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Nokia (NOK) will be removed from the Euro Stoxx 50 index on March 18 (translation), along with...

Nokia (NOK) will be removed from the Euro Stoxx 50 index on March 18 (translation), along with GDF Suez (GDFZY.PK). Replacing them are EADS (EADSY.PK) and Schneider Electric (SBGSY.PK).
Comments (38)
  • O dear, thats not a good news.
    1 Mar 2013, 06:25 PM Reply Like
  • What is the basis for such elimination?
    1 Mar 2013, 06:32 PM Reply Like
  • Market Cap!
    1 Mar 2013, 06:39 PM Reply Like
  • Maybe, but GDF Suez is not market cap related (eur31.4bil), so it may have to do more with regional operations and the European concentration or not.
    2 Mar 2013, 11:45 AM Reply Like
  • I think it's a good thing for traders!
    1 Mar 2013, 06:40 PM Reply Like
  • oh dear, why it is a good thing for traders?
    2 Mar 2013, 03:28 AM Reply Like
  • May reduce some volatility since Euro Stoxx 50 program trades won't need to trade NOK anymore. Also, most of the impact will be in the ordinary shares traded in Helsinki and London. As to the impact, on the day it officially comes out the European close (11:30 am NY time) may see a temporary push down on some volume during the final auction, otherwise it really won't have a tremendous impact.
    2 Mar 2013, 11:54 AM Reply Like
  • Great news for Nokia!!
    1 Mar 2013, 07:29 PM Reply Like
  • Pig meet lipstick.
    1 Mar 2013, 08:32 PM Reply Like
  • Not good. Index and other funds that follow Euro Stoxx 50 are now forced to sell their $NOK positions:
    1 Mar 2013, 10:06 PM Reply Like
  • Not sure about that. Funds are mainly relying on the rating.
    2 Mar 2013, 10:03 AM Reply Like
  • Last time this happened there was a 17% drop in stock price, and then nice bounce back even higher....
    2 Mar 2013, 01:14 PM Reply Like
  • According to major German media, experts were expecting this.


    Retailers may react in panic selling which will be only for short term. Nokia was falling down in 2011, and is climbing up in 2013!


    I will buy more if Nok drops 17% as you said like in 2011 (well, I don't think this is gonna happen next week);
    3 Mar 2013, 05:08 AM Reply Like
  • If experts expect it, we may have seem some of the expected downtrend. But i think there will be a 5-10% drop and NOK reach my buying range.
    3 Mar 2013, 11:44 AM Reply Like
  • Seppo2: "Last time this happened there was a 17% drop in stock price"


    Not really.


    Here are some Nokia ADR prices from that time -


    7/21/11 - 625 high for the day
    8/11/11 - 482 low for the day
    9/1/11 - 684 high (day the news broke)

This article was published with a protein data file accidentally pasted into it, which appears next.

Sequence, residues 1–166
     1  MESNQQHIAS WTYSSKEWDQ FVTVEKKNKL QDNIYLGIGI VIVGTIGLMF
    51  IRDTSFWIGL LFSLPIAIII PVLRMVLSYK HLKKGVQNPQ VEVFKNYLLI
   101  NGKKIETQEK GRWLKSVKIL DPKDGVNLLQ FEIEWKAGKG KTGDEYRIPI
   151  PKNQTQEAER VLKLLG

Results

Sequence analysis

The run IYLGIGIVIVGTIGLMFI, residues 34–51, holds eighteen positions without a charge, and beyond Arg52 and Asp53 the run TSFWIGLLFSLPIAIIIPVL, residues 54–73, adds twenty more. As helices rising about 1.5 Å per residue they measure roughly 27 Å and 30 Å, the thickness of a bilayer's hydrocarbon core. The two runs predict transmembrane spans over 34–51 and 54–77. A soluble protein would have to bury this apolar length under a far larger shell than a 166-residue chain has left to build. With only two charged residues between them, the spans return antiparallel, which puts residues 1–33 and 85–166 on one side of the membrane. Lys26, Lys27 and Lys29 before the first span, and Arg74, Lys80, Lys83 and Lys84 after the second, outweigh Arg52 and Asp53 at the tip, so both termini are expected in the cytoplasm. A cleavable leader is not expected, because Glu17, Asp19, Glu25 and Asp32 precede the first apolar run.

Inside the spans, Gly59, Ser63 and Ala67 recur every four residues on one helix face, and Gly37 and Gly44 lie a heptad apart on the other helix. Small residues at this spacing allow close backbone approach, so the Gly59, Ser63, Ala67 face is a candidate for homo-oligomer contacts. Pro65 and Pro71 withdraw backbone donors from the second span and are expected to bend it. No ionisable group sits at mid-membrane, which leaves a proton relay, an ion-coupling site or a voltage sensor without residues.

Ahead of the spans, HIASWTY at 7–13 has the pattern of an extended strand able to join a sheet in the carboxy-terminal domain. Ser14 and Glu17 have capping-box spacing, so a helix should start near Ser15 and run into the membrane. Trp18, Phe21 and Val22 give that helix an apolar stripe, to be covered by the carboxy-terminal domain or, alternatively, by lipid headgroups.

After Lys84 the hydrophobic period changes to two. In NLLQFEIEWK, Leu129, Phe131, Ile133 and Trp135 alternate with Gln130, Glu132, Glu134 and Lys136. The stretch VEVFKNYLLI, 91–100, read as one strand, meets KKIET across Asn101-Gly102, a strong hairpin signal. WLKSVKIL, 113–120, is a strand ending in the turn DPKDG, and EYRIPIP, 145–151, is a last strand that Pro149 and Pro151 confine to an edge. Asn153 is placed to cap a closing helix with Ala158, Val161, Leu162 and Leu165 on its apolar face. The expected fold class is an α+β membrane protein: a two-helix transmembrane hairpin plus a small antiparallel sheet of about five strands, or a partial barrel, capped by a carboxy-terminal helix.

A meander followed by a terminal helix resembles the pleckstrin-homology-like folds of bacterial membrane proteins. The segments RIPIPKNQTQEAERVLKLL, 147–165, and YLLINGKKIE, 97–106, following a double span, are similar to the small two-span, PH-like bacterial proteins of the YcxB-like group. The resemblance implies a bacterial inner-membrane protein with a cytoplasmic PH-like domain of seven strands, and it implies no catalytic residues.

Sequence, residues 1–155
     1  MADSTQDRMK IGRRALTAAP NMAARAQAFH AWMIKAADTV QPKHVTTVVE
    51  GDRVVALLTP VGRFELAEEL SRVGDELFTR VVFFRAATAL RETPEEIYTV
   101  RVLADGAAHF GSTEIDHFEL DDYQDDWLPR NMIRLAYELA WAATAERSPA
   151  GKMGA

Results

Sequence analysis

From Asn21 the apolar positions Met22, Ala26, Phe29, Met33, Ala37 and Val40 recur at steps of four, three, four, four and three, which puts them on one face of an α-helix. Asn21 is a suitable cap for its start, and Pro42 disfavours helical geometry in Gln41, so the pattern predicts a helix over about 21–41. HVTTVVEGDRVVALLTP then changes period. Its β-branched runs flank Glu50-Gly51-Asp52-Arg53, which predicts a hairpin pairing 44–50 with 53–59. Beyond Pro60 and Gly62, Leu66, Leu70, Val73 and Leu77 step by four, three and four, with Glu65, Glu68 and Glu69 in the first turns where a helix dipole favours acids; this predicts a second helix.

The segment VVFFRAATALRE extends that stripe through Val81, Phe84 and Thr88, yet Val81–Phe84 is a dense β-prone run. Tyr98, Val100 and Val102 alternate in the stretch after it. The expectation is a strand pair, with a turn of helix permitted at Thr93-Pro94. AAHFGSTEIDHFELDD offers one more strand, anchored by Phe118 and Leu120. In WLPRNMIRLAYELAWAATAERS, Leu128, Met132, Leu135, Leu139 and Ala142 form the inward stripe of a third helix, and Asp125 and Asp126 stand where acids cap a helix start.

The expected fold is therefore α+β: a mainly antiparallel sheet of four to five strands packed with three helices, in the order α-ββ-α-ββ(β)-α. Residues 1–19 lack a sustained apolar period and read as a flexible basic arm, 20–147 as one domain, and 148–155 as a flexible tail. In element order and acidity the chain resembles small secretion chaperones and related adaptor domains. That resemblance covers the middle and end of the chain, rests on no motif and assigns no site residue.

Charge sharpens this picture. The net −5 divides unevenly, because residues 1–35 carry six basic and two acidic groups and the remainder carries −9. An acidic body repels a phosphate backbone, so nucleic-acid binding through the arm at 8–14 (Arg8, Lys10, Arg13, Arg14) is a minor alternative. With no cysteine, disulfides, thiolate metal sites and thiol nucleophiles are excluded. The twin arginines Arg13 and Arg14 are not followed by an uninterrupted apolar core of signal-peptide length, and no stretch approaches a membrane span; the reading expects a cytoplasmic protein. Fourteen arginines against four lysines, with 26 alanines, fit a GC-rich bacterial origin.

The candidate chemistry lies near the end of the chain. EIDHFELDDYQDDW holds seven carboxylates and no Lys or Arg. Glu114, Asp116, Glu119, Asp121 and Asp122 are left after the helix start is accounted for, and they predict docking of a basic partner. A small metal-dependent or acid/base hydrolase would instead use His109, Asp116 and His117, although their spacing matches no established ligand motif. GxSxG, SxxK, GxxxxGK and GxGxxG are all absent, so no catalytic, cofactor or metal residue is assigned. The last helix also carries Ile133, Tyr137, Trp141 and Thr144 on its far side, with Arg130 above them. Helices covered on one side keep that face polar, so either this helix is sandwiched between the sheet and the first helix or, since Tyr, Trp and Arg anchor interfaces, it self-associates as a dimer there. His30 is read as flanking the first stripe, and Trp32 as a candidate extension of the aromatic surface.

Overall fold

9/23/11 - 512 low
    10/27/11 - 738 high


    So, yes, there was a price movement in the following 3 weeks, but, no, it wasn't anything out of the ordinary in terms of daily Nokia volatility at the time.
    5 Mar 2013, 01:53 PM Reply Like
  • Strictly speaking from the time of announcement to date of execution there was a 17% drop. That's all I am saying.


    Beyond that, you are right, there was volatility left and right up and down around this time. I have now idea what caused any of these movements.


    And now this time at least initially there has been a very moderate drop if any. Go figure :)


    I did some numbers elsewhere in SA (see my comment history), and it seems like that the money directly and strictly tied to this index is of the order of 30% of daily volume, i.e. not much at all.
    5 Mar 2013, 02:20 PM Reply Like
  • It's more what I, personally, want to invest in.
    2 Mar 2013, 01:30 AM Reply Like
  • i am confident NOKIA will not only survive, but do very well
    in 2013 on average , Long for nok @ 3.60
    2 Mar 2013, 02:25 AM Reply Like
  • How might this be "good news" for long-term investors?
    2 Mar 2013, 02:37 AM Reply Like
  • The removal from the index won't change the fundamental of the company, if the stock price plunge, it is a good opportunity to accumulate.
    2 Mar 2013, 03:30 AM Reply Like
  • Yep, my buying range is between 2,50 and 2,65.
    2 Mar 2013, 04:28 AM Reply Like
  • I'm long on $ might this "good news" affect long-term investors?
    2 Mar 2013, 02:50 AM Reply Like
  • The removal from an index has nothing to do with the long-term fundamentals of a company.
    2 Mar 2013, 03:10 AM Reply Like
  • And dont forget, if the NOK bet is successfull they will be back in the Index too.
    2 Mar 2013, 04:28 AM Reply Like
  • EA got removed from the top 500 and it's still going pretty strong, so I'm not too worried.
    2 Mar 2013, 03:28 AM Reply Like
  • exactly.
    i sold my EA too early, a week or 2 ago now i think.
    stocks being removed from an index can be used as a contrarian buy signal. the index removes the stock on past performance, not future.
    13 Mar 2013, 02:29 AM Reply Like
  • What impotent are the real sale trend of Nokia and profit margins!
    2013 seems Nokia's key change year to be again a very
    successful mass marked well and loved brand.
    The Q2/3/4 2013 results may cause high peeks in quite high chance for the NASDAQ stock value. No Nokia has a good manifest if low to high-end highly attractive products.